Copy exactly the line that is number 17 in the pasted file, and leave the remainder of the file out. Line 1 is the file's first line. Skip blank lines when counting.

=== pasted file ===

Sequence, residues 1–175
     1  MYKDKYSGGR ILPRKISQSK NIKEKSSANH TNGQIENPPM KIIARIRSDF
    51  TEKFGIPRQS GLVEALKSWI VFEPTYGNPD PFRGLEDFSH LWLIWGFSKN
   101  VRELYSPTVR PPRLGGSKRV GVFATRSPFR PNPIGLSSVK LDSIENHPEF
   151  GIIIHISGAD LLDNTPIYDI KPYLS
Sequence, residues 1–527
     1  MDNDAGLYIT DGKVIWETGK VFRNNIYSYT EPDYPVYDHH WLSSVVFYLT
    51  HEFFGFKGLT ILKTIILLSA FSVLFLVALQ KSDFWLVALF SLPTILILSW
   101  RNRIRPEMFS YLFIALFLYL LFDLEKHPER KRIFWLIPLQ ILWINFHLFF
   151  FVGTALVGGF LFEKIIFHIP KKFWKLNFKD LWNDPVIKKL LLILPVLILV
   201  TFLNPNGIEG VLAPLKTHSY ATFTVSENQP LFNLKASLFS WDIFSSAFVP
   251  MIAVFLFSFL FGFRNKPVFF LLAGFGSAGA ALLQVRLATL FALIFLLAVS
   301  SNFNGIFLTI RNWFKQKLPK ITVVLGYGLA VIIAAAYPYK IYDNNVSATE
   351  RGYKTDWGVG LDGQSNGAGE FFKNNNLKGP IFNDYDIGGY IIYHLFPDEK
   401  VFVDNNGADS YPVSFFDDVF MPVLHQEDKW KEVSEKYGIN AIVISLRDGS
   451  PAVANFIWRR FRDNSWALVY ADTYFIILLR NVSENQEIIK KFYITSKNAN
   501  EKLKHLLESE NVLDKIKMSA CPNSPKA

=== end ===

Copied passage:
   501  EKLKHLLESE NVLDKIKMSA CPNSPKA